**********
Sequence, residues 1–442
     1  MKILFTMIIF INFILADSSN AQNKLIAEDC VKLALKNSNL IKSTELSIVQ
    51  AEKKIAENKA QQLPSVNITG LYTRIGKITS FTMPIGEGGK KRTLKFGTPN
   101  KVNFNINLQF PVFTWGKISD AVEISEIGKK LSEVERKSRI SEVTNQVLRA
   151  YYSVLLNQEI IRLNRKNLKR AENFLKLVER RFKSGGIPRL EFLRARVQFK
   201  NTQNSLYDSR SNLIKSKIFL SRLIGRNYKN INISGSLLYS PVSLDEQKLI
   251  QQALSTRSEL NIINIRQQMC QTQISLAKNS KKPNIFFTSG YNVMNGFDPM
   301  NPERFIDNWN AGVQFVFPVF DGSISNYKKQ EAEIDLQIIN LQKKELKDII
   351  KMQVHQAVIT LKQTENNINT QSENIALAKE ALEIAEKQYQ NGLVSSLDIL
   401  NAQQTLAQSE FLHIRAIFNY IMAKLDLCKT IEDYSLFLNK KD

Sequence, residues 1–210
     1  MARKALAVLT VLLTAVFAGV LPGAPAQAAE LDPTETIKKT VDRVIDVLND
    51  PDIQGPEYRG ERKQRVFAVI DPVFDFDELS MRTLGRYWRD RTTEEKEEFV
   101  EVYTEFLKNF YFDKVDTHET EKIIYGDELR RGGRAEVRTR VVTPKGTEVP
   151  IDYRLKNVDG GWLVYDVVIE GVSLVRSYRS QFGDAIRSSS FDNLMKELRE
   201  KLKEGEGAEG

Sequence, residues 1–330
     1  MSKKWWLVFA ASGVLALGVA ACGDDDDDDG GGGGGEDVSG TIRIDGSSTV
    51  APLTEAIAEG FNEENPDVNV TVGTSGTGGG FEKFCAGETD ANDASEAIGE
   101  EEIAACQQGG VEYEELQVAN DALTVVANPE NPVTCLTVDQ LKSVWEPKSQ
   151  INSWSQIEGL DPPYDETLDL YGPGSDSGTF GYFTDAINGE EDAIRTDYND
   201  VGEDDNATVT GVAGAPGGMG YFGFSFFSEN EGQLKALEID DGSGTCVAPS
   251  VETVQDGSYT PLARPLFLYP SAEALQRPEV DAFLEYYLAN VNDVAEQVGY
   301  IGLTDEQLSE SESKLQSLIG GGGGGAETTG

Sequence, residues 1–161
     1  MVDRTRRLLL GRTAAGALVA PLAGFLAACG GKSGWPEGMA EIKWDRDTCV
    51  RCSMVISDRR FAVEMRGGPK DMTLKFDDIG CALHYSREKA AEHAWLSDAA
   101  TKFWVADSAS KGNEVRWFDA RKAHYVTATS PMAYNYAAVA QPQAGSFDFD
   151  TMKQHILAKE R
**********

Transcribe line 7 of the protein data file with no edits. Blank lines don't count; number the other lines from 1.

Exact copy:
   251  QQALSTRSEL NIINIRQQMC QTQISLAKNS KKPNIFFTSG YNVMNGFDPM